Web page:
Much to see, make and do at Fairlight Hall
Fairlight Hall, just outside Hastings to the east, is a magnificent gothic building surrounded by beautifully maintained woodland and formal gardens. It is the home of the Kowitz family whose philanthropy has made a huge contribution to our town and the surrounding area, in particular to its cultural life. Fairlight hosts a number of events each year that give people the chance to visit. Toby Sargent has been looking at this year’s programme.
This year will be the third selection of talks and workshops that the team at Fairlight offer to the public. Like last year, the range goes considerably beyond the purely horticultural, taking in food, cookery and quirky architectural history.
On 22 April the amazing Lucinda Lambton presents what I suspect, judging by her numerous TV and radio appearances over the years, will be a hilarious gallop around the weirder pastures of historic buildings and their sometimes quite bonkers owners.
On 19 May they’re hosting Tessa Boase with The Housekeeper’s Tale. Ms Boase, who lives in St Leonards, has written a book about the true stories of some of the women who ran Britain’s most prominent households. Tessa’s talk will include the chance for those attending to have exclusive access to ‘below stairs’ within Fairlight’s private quarters. These are both £20 a ticket with coffee and cake thrown in.
‘Gardeners, foodies and Italophiles’
A little more expensive, at £35 but also including lunch, Paolo Arrigo is at Fairlight on 24 June with Italy from Seed to Plate. He’s giving a talk aimed at “gardeners, foodies and Italophiles alike” about the story of vegetables and their place in cuisine, from Roman times onward. The Fairlight team will be providing a mobile pizza oven and everyone will lunch on wood-fired pizza made from seasonal organic vegetables from the exquisite walled garden.
For the same price, and in the same vein, on 21 October you can hear food writer Hattie Ellis and local master butcher James Wickens talking about Butchers’ Cuts and Cooks’ Choices: Making the Most of Meat.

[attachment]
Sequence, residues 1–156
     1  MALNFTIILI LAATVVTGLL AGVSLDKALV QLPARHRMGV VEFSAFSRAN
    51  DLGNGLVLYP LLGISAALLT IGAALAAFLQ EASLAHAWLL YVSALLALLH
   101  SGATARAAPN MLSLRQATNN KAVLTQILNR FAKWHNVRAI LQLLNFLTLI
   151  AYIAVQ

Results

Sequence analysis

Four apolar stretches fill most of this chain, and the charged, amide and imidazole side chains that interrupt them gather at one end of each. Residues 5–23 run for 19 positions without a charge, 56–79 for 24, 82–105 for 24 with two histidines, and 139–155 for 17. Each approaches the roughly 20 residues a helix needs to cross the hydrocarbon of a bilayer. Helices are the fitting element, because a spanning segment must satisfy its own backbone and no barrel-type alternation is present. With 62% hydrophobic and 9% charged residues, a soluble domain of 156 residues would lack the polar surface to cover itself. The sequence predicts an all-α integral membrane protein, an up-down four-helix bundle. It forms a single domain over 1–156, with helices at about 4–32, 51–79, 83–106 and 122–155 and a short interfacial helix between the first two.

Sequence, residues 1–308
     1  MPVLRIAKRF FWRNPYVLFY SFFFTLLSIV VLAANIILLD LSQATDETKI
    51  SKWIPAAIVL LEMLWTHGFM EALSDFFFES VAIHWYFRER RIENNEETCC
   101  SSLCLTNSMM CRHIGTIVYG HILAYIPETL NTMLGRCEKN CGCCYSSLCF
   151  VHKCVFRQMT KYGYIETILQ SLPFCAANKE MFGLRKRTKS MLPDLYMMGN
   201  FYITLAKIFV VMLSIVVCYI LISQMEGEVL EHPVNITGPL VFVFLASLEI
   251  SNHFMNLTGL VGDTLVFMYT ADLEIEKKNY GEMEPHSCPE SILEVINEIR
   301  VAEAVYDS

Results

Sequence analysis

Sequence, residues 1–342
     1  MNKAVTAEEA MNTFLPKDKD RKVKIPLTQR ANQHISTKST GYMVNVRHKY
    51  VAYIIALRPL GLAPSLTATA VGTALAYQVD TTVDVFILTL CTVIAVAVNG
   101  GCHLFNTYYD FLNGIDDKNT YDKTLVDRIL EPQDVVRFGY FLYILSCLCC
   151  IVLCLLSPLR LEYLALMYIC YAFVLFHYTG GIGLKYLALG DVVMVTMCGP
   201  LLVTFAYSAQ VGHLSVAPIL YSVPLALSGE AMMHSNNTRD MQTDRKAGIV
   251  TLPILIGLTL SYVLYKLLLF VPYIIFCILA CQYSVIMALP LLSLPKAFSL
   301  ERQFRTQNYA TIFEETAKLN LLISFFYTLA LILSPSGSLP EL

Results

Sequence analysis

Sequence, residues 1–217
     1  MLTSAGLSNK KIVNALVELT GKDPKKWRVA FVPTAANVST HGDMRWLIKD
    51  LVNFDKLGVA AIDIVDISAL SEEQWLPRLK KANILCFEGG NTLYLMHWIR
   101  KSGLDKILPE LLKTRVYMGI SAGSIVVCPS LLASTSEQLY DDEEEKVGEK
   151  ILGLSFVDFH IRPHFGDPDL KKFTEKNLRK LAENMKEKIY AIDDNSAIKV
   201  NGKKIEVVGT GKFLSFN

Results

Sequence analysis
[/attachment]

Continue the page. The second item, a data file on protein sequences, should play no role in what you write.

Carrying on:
Horticulture is highlighted on 15 July with the distinguished horticulturalist Fergus Garrett presenting Designing with Plants at Great Dixter, to give you ideas for using plants to create an exciting and memorable effect in your garden, large or small (£20 with coffee and cake).
Whitney Hedges, the California-born – and aptly named – head gardener at Fairlight, hosts two workshops later in the year. Hand Tied Bouquets and Christmas Wreath Making on 18 August and 25 November respectively. The former follows on from a hugely successful demonstration she gave last year in Fairlight’s walled garden for the Ore WI (£40 including lunch), while the latter promises to be really special, with everyone taking part coming away with a stunning wreath for their front door (£55 including lunch.)
It’s good to know that the proceeds from these events help pay for trainee gardeners to be taken on at Fairlight under the Work and Retrain as a Gardener Scheme (WRAGS). This allows participants to come to Fairlight for a couple of days a week for a year, ultimately getting the chance to take exams and hopefully get a placement doing something they love. The more money Fairlight raises, the more trainees can be taken on.